- Contact Us
People of SFU
How Out on Campus cultivates a safe space for the LGBTQIA2S+ community
When Constantin Lozitsky came to SFU in 2017 as an international student, they never imagined experiencing Pride Month or being able to access campus resources and services for the LGBTQIA2S+ community.
“My pronouns—they/them/theirs—do not exist in my home country, and that is true for many international students on campus,” says Lozitsky.
But thanks to the support and resources they were able to access through SFSS Out on Campus (OOC), Lozitsky’s true self began to unfold. They felt that they were able to be openly queer in public for the first time, and formed connections with other members of the LGBTQIA2S+ community at SFU.
Now, Lozitsky is giving back to the SFU community as the OOC programming assistant, offering a place of refuge and community to help LGBTQIA2S+ students navigate their SFU journey.
An open door to everyone
OOC provides a variety of resources for students, all of which are funded through the Simon Fraser Student Society.
As OOC coordinator Jude Mah explains, “We have a library with a wide range of offerings from educational to fiction. Safer sex and menstrual supplies, pregnancy tests, razors, snacks and drinks. Peer support for anyone who needs to talk. Crises referrals for emergency housing, sexual violence and more. We also have educational resources through pamphlets and mini guidebooks, which are very popular.”
Anyone is welcome to come to the space, have a snack, start initiatives such as movie screenings and discussion groups, or plan to go to events such as the Vancouver Pride Parade. Says Lozitsky, “Students have so many wonderful and beautiful ideas about how they see the world and being able to access this wealth of knowledge is mind-blowing.”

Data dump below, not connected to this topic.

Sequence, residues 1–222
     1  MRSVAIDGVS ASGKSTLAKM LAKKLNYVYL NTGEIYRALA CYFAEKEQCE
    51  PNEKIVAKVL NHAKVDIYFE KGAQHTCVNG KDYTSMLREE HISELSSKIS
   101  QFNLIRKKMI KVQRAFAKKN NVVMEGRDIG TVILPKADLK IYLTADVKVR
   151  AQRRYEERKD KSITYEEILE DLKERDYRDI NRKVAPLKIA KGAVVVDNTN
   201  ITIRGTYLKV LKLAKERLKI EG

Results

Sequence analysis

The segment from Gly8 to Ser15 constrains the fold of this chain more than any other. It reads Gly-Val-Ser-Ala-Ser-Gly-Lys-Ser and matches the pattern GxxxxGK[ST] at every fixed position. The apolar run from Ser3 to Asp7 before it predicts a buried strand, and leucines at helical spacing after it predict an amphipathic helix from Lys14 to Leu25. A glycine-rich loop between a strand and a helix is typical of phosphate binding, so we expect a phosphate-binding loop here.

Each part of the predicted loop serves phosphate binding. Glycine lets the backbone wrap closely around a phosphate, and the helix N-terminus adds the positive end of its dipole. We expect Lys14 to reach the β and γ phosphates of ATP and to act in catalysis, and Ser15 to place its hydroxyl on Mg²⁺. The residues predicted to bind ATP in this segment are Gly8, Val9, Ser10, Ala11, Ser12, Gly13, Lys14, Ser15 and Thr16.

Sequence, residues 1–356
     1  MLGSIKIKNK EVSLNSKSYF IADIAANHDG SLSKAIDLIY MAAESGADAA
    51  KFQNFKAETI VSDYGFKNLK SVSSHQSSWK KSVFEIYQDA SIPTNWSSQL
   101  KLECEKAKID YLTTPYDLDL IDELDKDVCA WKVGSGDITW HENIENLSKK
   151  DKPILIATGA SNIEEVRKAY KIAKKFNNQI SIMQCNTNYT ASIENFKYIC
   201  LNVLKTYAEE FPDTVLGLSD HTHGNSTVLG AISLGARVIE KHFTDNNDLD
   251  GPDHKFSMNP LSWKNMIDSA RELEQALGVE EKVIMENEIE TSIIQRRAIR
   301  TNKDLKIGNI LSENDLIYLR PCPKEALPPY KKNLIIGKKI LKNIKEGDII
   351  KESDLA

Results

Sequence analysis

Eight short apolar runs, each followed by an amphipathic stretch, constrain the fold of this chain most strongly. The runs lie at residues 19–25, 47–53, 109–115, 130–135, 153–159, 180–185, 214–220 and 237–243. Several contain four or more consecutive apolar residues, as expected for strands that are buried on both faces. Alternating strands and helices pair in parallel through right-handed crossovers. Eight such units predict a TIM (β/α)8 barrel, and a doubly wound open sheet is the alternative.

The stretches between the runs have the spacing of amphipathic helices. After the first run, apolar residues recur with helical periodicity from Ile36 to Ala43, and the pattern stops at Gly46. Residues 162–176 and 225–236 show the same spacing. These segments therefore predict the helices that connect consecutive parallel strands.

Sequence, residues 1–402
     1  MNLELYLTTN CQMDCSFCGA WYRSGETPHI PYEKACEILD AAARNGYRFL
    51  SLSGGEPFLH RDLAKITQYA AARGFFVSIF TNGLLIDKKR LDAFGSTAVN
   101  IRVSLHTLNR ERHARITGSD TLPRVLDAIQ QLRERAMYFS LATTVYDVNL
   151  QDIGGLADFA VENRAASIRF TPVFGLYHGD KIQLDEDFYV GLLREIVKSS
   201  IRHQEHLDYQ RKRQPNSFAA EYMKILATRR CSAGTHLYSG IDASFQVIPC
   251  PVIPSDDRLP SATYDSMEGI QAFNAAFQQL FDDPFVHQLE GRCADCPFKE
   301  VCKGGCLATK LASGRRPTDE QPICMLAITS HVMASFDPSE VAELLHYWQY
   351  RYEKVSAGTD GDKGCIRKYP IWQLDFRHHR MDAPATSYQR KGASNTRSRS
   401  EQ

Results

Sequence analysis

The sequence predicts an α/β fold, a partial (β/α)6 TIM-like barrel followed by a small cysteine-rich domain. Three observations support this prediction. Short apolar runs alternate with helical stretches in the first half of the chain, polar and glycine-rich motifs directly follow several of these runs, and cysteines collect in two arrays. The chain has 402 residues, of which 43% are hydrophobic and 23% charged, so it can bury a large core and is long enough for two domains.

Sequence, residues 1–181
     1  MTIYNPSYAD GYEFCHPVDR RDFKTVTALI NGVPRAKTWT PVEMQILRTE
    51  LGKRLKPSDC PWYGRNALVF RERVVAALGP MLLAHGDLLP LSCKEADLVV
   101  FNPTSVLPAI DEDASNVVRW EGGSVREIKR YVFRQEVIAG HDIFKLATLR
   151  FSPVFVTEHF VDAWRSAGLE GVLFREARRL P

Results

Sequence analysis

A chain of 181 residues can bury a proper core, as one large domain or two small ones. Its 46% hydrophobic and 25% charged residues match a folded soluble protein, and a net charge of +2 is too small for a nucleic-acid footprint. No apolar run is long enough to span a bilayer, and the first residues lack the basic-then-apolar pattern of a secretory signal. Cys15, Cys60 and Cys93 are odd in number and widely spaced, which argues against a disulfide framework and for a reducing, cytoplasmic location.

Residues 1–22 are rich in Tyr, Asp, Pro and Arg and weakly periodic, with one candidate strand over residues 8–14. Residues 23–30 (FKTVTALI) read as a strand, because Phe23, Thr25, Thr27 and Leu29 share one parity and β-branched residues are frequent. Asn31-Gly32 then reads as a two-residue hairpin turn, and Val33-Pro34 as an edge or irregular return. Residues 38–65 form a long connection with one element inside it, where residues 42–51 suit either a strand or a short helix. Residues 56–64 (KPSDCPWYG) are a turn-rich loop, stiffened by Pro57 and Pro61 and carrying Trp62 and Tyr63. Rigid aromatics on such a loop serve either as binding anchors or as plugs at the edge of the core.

Especially as the SFU community celebrates Pride Month this June, Lozitsky is focused on making sure that OOC is an open and welcoming space for everyone at SFU.
“Some people think Pride is only for the LGBTQIA2S+ community, but spaces like OOC should bring communities together, including allies,” they say. “Making interpersonal connections is vital to OOC because it helps to humanize and understand who the LGBTQIA2S+ community is.”
Looking to the future
While Lozitsky and Mah are both relatively new to OOC, having joined the team in 2020 and 2021 respectively, they have big dreams for how the service will grow.
These plans start with upgraded furniture and resources to make the OOC lounge feel a little more like home, as well as more regular events and programming. Currently, there is only a physical OOC presence on the SFU Burnaby campus, but Mah hopes to change that in Surrey and Vancouver: “For now, it would be more of a pop-up style, but even if we can table a couple times a month, and maybe do a social event once a month, that would go a long way for students.”
Just like Lozitsky, Mah is passionate about supporting SFU's LGBTQIA2S+ community—and they are excited to make a difference during their time as the centre’s coordinator.
Says Mah, “To those who may come to just one event, if their lives can be bettered by what we offer then that is incredibly rewarding.”
“Spaces like OOC are often where you learn the meaning of chosen family. Having the opportunity to provide that for so many students means the world.”
You can find more about Pride Month at SFU here.